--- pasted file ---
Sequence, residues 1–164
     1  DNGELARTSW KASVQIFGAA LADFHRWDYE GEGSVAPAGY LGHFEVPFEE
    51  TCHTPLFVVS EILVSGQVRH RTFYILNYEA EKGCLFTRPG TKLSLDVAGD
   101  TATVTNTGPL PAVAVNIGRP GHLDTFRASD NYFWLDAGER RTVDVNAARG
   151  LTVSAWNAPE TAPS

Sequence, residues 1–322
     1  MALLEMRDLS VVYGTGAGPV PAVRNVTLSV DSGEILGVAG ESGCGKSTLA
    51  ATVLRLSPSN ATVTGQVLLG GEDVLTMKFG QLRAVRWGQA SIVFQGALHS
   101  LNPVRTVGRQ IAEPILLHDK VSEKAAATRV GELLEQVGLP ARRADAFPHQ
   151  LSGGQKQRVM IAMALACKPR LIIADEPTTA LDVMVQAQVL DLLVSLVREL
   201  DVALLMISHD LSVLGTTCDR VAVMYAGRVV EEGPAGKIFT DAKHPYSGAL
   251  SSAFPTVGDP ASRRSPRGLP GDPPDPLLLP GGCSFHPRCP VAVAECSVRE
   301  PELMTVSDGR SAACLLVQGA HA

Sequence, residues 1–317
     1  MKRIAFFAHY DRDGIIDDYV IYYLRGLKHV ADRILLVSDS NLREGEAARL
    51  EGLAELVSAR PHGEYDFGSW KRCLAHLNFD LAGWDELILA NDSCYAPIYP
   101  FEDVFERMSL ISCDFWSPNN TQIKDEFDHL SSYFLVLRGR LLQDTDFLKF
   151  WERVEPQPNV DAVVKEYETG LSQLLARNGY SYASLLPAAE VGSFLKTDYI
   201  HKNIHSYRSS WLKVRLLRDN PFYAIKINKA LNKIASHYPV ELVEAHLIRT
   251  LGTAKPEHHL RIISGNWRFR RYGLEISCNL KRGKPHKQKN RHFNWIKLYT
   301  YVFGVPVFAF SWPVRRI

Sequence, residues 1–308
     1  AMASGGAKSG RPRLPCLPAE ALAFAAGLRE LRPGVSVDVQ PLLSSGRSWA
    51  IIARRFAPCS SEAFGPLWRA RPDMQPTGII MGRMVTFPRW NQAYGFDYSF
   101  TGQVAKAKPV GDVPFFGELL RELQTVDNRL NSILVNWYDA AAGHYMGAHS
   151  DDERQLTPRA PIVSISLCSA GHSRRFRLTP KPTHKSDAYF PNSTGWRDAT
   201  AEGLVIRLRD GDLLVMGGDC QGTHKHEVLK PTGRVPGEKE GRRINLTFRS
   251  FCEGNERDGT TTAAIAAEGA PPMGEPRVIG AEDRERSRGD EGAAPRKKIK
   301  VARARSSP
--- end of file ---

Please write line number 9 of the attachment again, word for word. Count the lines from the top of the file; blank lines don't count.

   101  LNPVRTVGRQ IAEPILLHDK VSEKAAATRV GELLEQVGLP ARRADAFPHQ